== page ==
"A £154m government IT project intended to manage EU subsidy payments to farmers has been abandoned due to problems with the system's online mapping tool and its lack of reliable integration with a number of disparate back-end systems." according to an article in Computing.
Lets look at things at a local level. Cornwall Council was formed from the amalgamation of the 6 district councils and Cornwall County Council in 2009. Since then, Cornwall Council has not been able to combine the different Local Land Charges systems of the old local authorities into one standard system.
What then are the chances of the Land Registry, who have no experience of Local Land Charges, being able to create a computer system to enable them to centralise Local Land Charges data from 370 different local authority systems? Especially as many local authority Local Land Charges departments still use paper maps and record cards.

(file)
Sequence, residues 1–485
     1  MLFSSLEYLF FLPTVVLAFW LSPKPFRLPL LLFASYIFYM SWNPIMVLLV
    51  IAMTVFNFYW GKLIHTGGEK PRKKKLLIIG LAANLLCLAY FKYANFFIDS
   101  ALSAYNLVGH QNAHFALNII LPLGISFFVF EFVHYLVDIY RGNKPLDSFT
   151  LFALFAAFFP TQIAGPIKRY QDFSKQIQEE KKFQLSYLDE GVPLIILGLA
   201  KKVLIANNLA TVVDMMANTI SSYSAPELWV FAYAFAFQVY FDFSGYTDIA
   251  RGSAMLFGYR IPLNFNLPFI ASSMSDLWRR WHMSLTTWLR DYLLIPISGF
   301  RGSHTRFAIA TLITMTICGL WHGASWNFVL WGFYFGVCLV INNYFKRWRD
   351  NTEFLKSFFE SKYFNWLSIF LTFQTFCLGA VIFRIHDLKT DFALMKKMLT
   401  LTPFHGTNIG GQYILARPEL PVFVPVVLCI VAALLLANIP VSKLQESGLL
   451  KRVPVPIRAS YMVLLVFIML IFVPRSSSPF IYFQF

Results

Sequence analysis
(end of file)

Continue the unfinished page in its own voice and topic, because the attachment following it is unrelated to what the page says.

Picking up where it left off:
There is a great deal of unease within Local Land Charges departments and the legal profession about this. The greatest fear is that the current system will be partially dismantled to satisfy the desire for centralisation but, if the new system fails, it will leave a vacuum where data will be lost and information vital to the UK's property sector will be compromised.
I believe standardisation of public sector data is an excellent idea, but instead of using a department with no experience of the subject to reinvent from the top down, why not invest in the talent at the grass roots level and give the local authorities the funding and guidance needed to improve and standardise their Local Land Charges processes and systems and then let them work with the Land Registry to produce centralised data access?
Still, it's always more fun and sexier driving a big IT project than examining and improving the basic functions and processes of a department.
Read the full Computing article here